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NICE TO GAMETE YOU

Exploring the paths to fertilization and their costs

Daniel Wolfe
Down the tubes.
Published

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Talking about fertility care is difficult. On the one hand, sharing stories about the many winding paths to parenthood can be a great way to normalize the experience of infertility. On the other, it can be alienating to hear stories about treatments that worked for some, but not you.

Although fertility care looks different for each person receiving it, there’s a general decision tree that most people follow. The first step is trying to figure out the cause of infertility, according to Jennifer Fay Kawwass, a reproductive endocrinologist and infertility specialist at Emory University.

Broadly speaking, if a couple can’t get pregnant, about 30% of the time there may be a problem with the sperm, 30% of the time there’s a problem with the eggs, ovaries, fallopian tubes, or reproductive tract, and 40% of the time, fertility specialists aren’t clear what’s wrong.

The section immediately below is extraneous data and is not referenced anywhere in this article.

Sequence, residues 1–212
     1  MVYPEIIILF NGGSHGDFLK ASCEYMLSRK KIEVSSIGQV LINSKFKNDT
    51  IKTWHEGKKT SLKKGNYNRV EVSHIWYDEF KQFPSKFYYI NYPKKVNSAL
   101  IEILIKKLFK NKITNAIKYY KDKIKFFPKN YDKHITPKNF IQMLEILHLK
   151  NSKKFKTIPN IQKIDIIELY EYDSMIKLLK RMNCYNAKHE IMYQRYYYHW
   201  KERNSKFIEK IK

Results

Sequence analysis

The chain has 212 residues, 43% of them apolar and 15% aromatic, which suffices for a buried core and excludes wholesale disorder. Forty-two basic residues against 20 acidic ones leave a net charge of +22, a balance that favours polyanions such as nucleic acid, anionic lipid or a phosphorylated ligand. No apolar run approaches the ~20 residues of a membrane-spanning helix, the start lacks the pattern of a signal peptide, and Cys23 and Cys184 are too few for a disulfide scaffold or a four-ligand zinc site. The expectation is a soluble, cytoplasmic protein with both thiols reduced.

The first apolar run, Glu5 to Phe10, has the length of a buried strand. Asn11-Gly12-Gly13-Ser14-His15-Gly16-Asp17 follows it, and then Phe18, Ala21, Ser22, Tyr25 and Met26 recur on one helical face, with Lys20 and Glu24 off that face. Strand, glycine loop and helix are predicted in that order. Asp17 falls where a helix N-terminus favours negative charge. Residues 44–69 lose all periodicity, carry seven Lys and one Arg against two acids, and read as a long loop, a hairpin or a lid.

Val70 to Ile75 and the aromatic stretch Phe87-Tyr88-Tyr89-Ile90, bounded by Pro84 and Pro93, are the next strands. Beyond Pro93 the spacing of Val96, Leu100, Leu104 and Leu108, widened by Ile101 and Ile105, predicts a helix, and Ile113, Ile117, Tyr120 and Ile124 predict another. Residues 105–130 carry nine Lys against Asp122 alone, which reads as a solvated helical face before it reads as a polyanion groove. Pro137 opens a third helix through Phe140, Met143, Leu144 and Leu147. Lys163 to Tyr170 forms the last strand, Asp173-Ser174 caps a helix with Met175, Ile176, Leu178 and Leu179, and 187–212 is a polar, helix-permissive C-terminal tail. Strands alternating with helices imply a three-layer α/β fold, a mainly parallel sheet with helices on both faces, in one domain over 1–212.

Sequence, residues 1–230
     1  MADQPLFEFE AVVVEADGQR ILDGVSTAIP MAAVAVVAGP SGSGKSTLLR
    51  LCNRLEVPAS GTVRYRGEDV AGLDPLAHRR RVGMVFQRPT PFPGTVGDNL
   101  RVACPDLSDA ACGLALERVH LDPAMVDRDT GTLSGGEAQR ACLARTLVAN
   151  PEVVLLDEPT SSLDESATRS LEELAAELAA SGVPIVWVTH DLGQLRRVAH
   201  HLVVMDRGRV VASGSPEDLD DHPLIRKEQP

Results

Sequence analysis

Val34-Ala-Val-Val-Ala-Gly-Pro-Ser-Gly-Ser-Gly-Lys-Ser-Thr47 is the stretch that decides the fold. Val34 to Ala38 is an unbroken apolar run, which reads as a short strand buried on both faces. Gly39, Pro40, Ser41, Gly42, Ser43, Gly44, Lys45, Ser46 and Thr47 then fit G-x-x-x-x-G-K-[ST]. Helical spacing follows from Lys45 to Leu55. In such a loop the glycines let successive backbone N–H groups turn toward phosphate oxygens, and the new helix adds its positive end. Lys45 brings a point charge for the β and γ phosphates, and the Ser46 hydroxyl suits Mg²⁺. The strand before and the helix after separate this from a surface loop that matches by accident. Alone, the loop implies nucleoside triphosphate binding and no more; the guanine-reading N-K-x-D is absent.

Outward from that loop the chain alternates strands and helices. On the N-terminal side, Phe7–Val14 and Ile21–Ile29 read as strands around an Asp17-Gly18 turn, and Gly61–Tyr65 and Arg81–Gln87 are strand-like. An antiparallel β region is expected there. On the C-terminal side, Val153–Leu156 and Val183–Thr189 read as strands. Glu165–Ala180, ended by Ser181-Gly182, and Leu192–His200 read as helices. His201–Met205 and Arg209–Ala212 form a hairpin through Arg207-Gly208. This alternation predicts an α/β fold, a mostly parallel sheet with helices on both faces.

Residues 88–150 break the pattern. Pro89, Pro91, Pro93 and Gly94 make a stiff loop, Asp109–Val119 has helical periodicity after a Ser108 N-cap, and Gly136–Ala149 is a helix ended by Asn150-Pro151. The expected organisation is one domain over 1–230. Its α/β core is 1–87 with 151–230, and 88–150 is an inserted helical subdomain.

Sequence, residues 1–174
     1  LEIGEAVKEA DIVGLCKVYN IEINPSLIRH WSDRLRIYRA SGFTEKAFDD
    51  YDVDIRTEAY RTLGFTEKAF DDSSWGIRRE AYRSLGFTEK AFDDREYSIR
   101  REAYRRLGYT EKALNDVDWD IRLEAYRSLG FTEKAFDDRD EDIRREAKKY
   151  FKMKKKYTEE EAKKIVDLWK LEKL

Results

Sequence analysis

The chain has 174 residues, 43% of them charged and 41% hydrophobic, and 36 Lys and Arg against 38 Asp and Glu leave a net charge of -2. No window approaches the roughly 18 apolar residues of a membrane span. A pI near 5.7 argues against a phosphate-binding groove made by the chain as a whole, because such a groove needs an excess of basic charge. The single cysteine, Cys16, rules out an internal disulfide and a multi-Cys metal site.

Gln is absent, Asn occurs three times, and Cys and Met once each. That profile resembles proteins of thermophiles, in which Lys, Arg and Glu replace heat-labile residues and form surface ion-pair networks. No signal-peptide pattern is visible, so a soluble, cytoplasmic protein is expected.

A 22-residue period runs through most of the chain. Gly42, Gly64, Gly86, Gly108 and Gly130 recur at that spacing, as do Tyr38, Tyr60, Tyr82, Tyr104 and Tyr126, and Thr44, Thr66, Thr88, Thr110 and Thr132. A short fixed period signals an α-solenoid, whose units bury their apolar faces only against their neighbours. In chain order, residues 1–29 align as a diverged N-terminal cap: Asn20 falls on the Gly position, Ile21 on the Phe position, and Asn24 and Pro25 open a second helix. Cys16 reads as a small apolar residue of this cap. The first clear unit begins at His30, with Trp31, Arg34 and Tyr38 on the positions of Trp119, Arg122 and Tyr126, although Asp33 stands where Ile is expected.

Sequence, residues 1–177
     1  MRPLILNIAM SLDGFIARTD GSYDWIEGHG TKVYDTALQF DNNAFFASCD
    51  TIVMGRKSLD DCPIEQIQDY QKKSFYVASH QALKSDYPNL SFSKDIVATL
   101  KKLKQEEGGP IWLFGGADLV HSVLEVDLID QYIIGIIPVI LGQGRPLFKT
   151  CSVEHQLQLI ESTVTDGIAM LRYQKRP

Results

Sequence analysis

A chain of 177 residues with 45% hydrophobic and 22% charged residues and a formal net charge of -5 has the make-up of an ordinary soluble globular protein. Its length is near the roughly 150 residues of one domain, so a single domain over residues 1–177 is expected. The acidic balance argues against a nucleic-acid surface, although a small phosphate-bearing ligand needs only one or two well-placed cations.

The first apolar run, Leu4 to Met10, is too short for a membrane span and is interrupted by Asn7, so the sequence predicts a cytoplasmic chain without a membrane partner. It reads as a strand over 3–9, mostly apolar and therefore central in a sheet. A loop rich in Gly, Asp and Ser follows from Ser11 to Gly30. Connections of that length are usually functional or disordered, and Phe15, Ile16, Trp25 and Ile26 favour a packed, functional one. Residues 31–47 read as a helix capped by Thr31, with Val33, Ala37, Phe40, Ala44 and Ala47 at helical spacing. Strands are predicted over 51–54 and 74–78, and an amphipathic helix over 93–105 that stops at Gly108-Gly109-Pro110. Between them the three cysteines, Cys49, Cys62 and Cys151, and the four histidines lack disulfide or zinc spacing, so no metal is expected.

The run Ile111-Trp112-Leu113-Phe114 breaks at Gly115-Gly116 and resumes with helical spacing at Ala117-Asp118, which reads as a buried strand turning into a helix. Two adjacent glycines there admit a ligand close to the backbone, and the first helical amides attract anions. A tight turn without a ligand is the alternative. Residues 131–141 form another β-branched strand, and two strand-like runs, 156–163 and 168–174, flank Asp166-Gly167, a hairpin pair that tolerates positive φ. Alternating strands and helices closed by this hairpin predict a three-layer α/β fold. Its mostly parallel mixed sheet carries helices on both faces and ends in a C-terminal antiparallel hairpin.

Once a prospective parent has figured out what the issue may be, it’s a matter of figuring out the least invasive—and often least expensive—option likely to result in a healthy baby. Special situations can point potential parents down different side paths. Perhaps they’re aware of a heritable condition they want to avoid passing down to their children, or they need to seek out sperm or eggs as a single parent or same-sex couple. In general, fertility care specialists will start at the least invasive and most cost-effective end of the spectrum, and progress to the other end if initial strategies fail.

Here’s what you can expect those different tiers of care to look like, with costs for each round of care based on US prices (it can take multiple rounds before a successful pregnancy).